ideally want to directly feed the Gallium semantics to the host
2. An hypotetical DirectX 9 state tracker needs to support SM3 and would 
ideally want to directly feed the SM3 semantics to Gallium

Note that this is not a reference to the VMware DirectX 9 state tracker, since 
its authors haven't provided details about its handling of shader semantics.

SM3 ends up supporting 219 generic indices: 16 indices in 14 classes, minus 
POSITION0, PSIZE0, COLOR0, COLOR1 and FOG0 which are the only ones that 
wouldn't be mapped to GENERIC.
However, Gallium drivers that don't benefit from having specific contraints 
(like svga and r600) are supposed to support 256 indices, and my nv30/nv40 work 
does that.

The expected implementation, if no hardware support exists, is to build a list 
of relocations to apply to either the fragment or the vertex shader, and patch 
one of them at validation time to match the other.
Data structures are provided in gallium/auxiliary to ease this, and try to 
minimize the number of times where this needs to be performed.

Let's now proceed to the discussion and detailed rationale, mostly constructed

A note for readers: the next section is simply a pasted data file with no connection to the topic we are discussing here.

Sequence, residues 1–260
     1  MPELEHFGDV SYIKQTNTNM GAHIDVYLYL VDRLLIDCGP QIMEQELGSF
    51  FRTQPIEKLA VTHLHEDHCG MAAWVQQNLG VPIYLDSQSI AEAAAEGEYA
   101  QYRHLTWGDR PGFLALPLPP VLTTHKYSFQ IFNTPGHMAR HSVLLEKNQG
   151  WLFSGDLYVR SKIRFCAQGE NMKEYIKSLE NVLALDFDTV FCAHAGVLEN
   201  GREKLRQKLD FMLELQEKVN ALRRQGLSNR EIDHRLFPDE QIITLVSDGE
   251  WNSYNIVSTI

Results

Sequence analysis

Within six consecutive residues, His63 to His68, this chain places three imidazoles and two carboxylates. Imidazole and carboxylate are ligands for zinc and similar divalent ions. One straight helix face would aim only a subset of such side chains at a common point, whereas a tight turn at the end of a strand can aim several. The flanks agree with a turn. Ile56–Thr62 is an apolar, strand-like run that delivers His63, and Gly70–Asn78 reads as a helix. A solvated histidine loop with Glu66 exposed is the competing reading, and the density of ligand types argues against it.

by copy&pasting older messages.

Michal Krol's proposal

First of all, see Michal Krol's proposal at, and in particular:
name index range
POSITION no limit?
COLOR 0..1, explicit clamp?
BCOLOR 0..1, explicit clamp?
FOG remove?
GENERIC 0..<max generics>
NORMAL remove

My proposal follows this, except for limiting POSITION to 0 too.
Not sure why Michal thought "no limit" could make sense: the POSITION is 
fundamentally a singleton, since it is the input to the rasterizer unit.

An overview of hardware support

Hardware with no capabilities.
- nv30 does not support any mapping. However, we already need to patch
fragment programs to insert constants, so we can patch input register
numbers as well. The current driver only supports 0-7 generic indices,
but I already implemented support for 0-255 indices with in-driver
linkage and patching. Note that nv30 lacks control flow in fragment
- nv40 is like nv30, but supports fp control flow, and may have some
configurable mapping support, with unknown behavior

Hardware with capabilities that must be configured for each fp/vp pair.
- nv40 might have this but the nVidia OpenGL driver does not use them
- nv50 has configurable vp->gp and gp->fp mappings with 64 entries.
The current Gallium driver seems to support arbitrary 0-2^32 indices, but uses 
an inefficient O(n^2) algorithm to be able to do that

- r300 appears to have a configurable vp->fp mapping. The current